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dc.contributor.authorMunita, Maria Pia
dc.contributor.authorRea, Rosemary
dc.contributor.authorMartinez-Ibeas, Ana Maria
dc.contributor.authorByrne, Noel
dc.contributor.authorMcGrath, Guy
dc.contributor.authorMunita-Corbalan, Luis Enrique
dc.contributor.authorSekiya, Mary
dc.contributor.authorMulcahy, Grace
dc.contributor.authorSayers, Ríona G.
dc.identifier.citationMunita, M.P., Rea, R., Martinez-Ibeas, A.M. et al. Liver fluke in Irish sheep: prevalence and associations with management practices and co-infection with rumen fluke. Parasites Vectors 12, 525 (2019).
dc.description.abstractBackground: The present study aimed to identify the national prevalence of Fasciola hepatica in Irish sheep and to conduct a risk analysis assessment based on management and treatment practices in participating focks. Also, co-infection with rumen fuke was quantifed and its association with liver fuke and management practices was assessed. Methods: A total of 305 sheep focks were selected ensuring even national representation of the sheep population. Participating farms were asked to complete a survey questionnaire on farm management practices and submit faecal samples during the winter of 2014–2015. Pooled faecal samples were analysed for the presence of F. hepatica and coinfection with rumen fuke. Apparent and true prevalence were calculated, additionally, the rate of co-infection with rumen fuke was also obtained. Correlation and regression analyses were used for assessing associations between management practices, liver fuke infection and co-infection with rumen fuke. Results: The national true prevalence of F. hepatica was 50.4% (n=305). Regional prevalence varied from 41% in the east to 52% in the south. Co-infection with rumen fuke was observed in 40% of the studied population and corre‑ lated with increased F. hepatica egg counts (OR=2.9; P≤0.001). Predominant breeds were Sufolk, Texel and Horned Mountain breeds. Beef cattle were the most frequent type of other livestock present on farms and mixed species grazing was frequently reported (73%). More than half of the focks reported a mid-to-late lambing period (MarchApril). Use of mountain land for grazing was of 32%. Flukicides were most commonly used twice over the autumnwinter period. Regression analyses highlighted signifcant association of F. hepatica status, with the presence of other livestock on farm, frequency of fukicides used during the winter and clinical presentation of liver fuke. A signifcant increase in eggs per gram of faeces was observed in Charollais sheep in comparison with all other breeds. Co-infec‑ tion with F. hepatica and Calicophoron daubneyi was also signifcantly associated with the presence of other livestock on the farm, type of fukicide used and clinical fasciolosis. Conclusions: The present study provides up-to-date information on the prevalence of F. hepatica in Irish sheep and adds insight to the epidemiology of the disease. These fndings will be useful for designing new holistic control meas‑ ures for F. hepatica infection.en_US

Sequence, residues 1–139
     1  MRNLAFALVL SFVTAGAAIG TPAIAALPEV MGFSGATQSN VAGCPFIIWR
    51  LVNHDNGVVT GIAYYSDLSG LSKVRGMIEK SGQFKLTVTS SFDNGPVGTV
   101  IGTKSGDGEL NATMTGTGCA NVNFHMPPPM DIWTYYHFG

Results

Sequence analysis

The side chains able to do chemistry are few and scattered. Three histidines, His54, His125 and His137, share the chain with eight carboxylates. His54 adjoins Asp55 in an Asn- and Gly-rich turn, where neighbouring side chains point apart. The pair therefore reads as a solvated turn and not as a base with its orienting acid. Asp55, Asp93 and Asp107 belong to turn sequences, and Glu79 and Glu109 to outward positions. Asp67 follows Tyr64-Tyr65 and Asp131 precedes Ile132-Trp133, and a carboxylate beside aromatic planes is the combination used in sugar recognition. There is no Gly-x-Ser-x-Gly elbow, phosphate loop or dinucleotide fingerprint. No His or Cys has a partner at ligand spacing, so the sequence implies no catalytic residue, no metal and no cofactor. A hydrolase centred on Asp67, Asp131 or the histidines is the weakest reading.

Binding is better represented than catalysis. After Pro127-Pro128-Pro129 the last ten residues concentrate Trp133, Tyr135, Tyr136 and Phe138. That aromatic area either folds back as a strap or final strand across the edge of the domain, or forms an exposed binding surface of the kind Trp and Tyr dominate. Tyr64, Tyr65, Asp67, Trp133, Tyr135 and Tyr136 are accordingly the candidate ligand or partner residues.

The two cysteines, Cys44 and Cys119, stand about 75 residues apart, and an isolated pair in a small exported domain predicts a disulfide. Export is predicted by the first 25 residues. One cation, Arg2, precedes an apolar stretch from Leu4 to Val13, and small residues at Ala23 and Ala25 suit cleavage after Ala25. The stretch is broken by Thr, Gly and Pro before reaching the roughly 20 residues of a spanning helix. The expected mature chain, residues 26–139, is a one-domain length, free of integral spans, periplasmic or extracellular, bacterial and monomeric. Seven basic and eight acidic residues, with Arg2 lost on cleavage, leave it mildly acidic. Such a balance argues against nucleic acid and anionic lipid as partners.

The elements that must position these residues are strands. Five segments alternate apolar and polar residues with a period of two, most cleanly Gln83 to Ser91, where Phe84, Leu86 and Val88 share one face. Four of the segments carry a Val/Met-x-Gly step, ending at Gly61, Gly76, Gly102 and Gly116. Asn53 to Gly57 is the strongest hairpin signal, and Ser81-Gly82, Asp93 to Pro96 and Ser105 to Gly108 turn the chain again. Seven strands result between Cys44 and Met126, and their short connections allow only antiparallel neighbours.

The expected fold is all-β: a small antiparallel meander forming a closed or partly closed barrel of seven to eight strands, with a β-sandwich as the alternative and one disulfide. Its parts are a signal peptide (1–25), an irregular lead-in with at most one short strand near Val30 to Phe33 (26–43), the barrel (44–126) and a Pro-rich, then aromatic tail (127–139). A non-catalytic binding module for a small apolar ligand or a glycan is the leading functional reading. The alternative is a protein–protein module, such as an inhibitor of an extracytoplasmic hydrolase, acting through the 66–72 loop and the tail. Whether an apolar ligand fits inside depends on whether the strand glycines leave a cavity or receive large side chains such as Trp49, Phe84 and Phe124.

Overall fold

dc.publisherSpringer Science and Business Media LLCen_US
dc.relation.ispartofseriesParasites Vectors;525
dc.rightsAttribution-ShareAlike 3.0 United States*
dc.subjectFasciola hepaticaen_US
dc.subjectCalicophoron daubneyien_US
dc.subjectLive flukeen_US
dc.titleLiver fluke in Irish sheep: prevalence and associations with management practices and co-infection with rumen flukeen_US
dc.contributor.sponsorDepartment of Agriculture, Food and the Marineen_US

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